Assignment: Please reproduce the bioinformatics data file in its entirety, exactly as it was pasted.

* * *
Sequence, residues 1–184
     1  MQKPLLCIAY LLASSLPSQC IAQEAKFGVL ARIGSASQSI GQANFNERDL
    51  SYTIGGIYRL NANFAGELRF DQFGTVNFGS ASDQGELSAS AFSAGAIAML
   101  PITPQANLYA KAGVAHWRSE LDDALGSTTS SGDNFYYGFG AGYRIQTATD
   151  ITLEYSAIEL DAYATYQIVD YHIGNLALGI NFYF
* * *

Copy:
Sequence, residues 1–184
     1  MQKPLLCIAY LLASSLPSQC IAQEAKFGVL ARIGSASQSI GQANFNERDL
    51  SYTIGGIYRL NANFAGELRF DQFGTVNFGS ASDQGELSAS AFSAGAIAML
   101  PITPQANLYA KAGVAHWRSE LDDALGSTTS SGDNFYYGFG AGYRIQTATD
   151  ITLEYSAIEL DAYATYQIVD YHIGNLALGI NFYF